Finally, here are some stats on how much broadcast traffic each client sends, just to prove how nominal it is. About 1 packet every 10 seconds. 

Avg packets/sec 0.128
Avg packet size 75 bytes
Avg bytes/sec   9.587

ORS.exe (93.00 kb)

The Logitech G9x Mouse


I need to write a new post - it's been too long!

So I got a new mouse a few weeks ago. My old trusty Basic Microsoft Optical mouse was still chugging along just fine after a couple years of abuse, but the buttons were getting a little loose. So I decided it was time for an upgrade. After a little research, I settled on the Logitech G9x Laser Gaming mouse. Now, along with my Das Keyboard, I have an embarrassing amount of money invested into my input devices. I'll try to hit on most of the pros and cons.

I have to say, I'm pretty impressed with it. It has two interchangeable shells to better fit your hand. I've been using the fatter of the two. I feel like I have too much of a "claw" grip on the mouse when I use the smaller shell, which ends up tiring my hand, but on the other hand (no pun intended,) the left outer edge of the bigger shell sort of scrapes on my mousepad as I pick up the mouse at an angle to drag it back over to the left. (You know, when you've veered too far to the right on your mouse pad and you need to pick the mouse up and bring it back to center.) The effect is not terrible, but it's something that my old mouse didn't do. I just need to train myself to pick my mouse up at a flatter angle when I need to move it around the mousepad.

The two buttons on the side are something else I was not accustomed to, but I've already grown fond of them. I always used to steer clear of any mouse that had extra buttons. I used to just want a left button, a right button, and a mousewheel and that's it. I just knew that I would always be accidentally hitting any extra buttons. Well, it just takes a little getting used to and you learn to like them. I very rarely hit them on accident. They are amazingly handy for web browsing, as I use that back button a lot. I already can't believe that I used to drag my pointer up to the browser's back button every time I wanted to move back a page. That said, going back in my web browser is pretty much all I've used the side buttons for so far.

The scroll wheel is probably my least favorite thing about this mouse. It does have a hardware toggle button on the bottom of the mouse for if you want the wheel to scroll smoothly, or if you want that "bump bump bump" feeling as you scroll it. Well, I'm one of those people that definitely needs the bumps/tactile feedback, so you click this little "microgear" button on the bottom of the mouse and there it is. However, the middle mouse button (pushing down on the mouse wheel) is extremely difficult. In fact it takes so much force to depress the middle mouse button, that you can pretty much forget about precisely pointing at something small on the screen and middle-clicking it without the wheel or the entire mouse moving, or both. I don't know if disengaging the microgear would make that any better. It doesn't matter, because I can't have my scroll wheel being all loosey goosey anyway. Maybe it'll loosen up over time, as my keyboard has. Also, the wheel has left and right play too... see those little arrows on the sides of the mousewheel? Yeah, that sucks. Ironically it's not hard at all to accidentally actuate the left or right action. I have no use for that. I do accidentally hit those all the time, which interrupts the middle-click scroll if you're one of those people that like to middle-click on a page and then pull the pointer down to scroll down the page. Luckily, with the configuration software I was able to map those left and right actions to do nothing... which leads me to:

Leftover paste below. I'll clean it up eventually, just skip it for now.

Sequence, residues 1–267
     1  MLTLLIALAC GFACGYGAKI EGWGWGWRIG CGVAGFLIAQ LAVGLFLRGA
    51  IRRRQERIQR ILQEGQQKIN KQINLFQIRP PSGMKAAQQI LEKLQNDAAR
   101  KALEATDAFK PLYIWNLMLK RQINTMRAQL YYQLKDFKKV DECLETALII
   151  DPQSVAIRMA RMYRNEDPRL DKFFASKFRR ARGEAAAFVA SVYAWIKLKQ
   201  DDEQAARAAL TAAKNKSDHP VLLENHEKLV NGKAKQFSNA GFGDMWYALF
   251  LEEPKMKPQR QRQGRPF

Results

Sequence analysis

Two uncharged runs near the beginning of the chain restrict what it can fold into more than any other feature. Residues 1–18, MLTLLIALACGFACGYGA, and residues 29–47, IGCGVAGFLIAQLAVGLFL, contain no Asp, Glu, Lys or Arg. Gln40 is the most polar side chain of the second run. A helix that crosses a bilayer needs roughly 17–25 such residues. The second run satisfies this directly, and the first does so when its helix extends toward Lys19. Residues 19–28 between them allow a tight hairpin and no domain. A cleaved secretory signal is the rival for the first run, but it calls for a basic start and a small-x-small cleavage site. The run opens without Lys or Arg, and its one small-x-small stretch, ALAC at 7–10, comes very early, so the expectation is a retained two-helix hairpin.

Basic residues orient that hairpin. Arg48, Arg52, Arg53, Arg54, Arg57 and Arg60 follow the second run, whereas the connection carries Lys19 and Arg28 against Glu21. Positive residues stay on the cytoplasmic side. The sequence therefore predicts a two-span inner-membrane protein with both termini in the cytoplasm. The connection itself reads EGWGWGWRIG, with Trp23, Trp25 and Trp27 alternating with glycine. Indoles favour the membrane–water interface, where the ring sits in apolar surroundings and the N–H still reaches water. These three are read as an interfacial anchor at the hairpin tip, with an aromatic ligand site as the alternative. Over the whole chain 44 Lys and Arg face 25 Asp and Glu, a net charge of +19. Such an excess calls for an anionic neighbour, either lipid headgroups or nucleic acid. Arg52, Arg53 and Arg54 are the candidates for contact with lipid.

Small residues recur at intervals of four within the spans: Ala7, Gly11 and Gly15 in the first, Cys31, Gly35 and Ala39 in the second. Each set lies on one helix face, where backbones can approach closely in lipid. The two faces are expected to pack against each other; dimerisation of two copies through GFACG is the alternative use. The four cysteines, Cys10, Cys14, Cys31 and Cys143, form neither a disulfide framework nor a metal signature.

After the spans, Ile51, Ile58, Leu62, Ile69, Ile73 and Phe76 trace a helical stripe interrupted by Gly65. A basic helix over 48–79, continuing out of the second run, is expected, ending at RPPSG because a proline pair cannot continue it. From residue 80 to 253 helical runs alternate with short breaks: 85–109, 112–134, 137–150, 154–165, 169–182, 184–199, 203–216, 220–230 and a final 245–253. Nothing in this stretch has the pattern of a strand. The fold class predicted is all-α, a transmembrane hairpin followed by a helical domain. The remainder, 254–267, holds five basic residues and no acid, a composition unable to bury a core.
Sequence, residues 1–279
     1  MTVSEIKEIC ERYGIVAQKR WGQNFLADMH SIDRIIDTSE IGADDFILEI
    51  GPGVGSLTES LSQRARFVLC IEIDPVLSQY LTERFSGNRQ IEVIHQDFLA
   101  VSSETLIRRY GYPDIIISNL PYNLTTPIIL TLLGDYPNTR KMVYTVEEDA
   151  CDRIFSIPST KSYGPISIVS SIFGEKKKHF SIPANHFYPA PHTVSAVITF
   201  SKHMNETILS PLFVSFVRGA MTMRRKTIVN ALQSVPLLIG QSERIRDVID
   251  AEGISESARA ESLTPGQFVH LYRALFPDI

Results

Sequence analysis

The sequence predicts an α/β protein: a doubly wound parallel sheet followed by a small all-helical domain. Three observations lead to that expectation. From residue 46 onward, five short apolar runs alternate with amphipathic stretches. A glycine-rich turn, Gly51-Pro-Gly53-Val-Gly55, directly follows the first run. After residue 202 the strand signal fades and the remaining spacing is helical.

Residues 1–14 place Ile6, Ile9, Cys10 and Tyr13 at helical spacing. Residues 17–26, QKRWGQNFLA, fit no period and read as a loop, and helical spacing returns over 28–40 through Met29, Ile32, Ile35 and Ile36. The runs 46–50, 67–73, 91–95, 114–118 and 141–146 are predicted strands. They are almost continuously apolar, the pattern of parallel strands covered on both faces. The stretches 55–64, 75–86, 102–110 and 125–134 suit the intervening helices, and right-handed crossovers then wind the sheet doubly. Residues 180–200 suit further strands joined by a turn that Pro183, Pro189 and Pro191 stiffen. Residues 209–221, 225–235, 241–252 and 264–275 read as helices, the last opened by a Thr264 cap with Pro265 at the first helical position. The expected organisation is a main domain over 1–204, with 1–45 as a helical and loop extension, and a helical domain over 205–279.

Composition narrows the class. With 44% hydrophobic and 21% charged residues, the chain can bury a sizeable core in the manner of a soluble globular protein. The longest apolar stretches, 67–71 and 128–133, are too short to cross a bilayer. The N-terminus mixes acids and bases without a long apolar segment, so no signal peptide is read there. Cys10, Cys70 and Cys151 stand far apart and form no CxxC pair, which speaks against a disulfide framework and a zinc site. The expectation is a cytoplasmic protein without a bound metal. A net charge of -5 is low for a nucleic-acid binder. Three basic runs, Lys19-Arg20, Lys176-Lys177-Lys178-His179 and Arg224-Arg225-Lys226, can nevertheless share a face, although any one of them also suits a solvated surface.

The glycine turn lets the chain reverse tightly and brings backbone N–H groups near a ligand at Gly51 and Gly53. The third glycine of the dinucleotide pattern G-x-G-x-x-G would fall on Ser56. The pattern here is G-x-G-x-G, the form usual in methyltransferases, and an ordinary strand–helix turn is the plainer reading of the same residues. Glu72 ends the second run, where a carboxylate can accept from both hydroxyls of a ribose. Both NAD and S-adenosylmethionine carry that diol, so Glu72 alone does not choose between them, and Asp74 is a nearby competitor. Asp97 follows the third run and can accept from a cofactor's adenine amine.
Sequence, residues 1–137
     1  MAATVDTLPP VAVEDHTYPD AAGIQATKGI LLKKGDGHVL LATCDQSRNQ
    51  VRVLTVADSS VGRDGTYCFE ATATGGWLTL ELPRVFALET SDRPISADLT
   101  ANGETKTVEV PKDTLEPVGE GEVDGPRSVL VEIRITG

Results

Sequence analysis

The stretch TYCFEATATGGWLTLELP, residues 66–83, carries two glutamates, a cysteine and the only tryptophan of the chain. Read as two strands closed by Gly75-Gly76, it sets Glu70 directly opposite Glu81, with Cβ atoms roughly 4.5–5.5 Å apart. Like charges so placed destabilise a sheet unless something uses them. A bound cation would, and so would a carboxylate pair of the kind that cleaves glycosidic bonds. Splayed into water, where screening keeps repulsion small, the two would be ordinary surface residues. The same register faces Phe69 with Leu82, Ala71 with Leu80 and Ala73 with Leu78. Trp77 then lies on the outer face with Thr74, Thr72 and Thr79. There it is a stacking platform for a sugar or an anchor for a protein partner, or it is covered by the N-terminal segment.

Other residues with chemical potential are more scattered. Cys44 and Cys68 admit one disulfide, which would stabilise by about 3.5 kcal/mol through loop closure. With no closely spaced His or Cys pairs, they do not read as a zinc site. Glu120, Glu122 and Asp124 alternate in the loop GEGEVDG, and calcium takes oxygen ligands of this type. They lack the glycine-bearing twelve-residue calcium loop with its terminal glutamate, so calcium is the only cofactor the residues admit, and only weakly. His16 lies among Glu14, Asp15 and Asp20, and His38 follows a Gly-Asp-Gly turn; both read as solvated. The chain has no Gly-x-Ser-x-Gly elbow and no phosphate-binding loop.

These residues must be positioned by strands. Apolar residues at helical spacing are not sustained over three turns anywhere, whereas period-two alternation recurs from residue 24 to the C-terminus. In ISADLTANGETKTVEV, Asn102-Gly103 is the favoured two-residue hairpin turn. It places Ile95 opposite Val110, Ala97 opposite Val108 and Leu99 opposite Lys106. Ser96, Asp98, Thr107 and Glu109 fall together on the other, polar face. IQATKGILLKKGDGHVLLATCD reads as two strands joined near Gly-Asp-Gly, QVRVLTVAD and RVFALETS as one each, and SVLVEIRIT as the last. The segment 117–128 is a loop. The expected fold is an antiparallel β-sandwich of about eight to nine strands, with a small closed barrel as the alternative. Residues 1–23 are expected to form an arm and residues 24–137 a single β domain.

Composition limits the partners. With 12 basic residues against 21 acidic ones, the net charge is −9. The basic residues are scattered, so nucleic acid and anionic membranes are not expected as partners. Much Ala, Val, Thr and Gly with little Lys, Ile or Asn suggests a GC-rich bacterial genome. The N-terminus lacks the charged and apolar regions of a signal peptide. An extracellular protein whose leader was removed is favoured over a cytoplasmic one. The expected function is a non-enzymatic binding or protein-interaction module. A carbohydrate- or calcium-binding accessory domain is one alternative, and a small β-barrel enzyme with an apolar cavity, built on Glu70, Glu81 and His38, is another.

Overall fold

The software. I'm a minimalist, at least when it comes to my computer. I'm one of those people who almost never has icons on their desktop. That means I do not want to install more software on my computer and have another useless system tray icon sitting down there just to be able to configure my bloody mouse. However, there are some things that you can only do with that proprietary software, such as change the LED colors (I changed mine from red to blue to match my keyboard and monitor,) and re-map all those non-standard buttons. But luckily, all your configuration changes are saved inside the mouse, so once you've got it set up how you like it, you can uninstall the software for good. Even unplugging the mouse and using it on a different computer doesn't reset the custom settings. Furthermore, if you have internet access, the mouse's basic functionality is plug and play as Windows can automatically download a G9x driver from Windows Update.

The mouse also comes with this tin full of 4-gram and 7-gram weights. There is a slide-out tray inside the mouse that you can actually fit these weights into in various configurations to precisely give your mouse the weight that you desire. Now maybe I'm just not pro enough to really realize the benefit of this, but it just doesn't really make much difference to me. My hand seems to be able to adjust just fine to whatever weight the mouse is. However, I could see how weights could mitigate that overcompensation you get in games when you try to react quickly.  The jury is still out on this feature.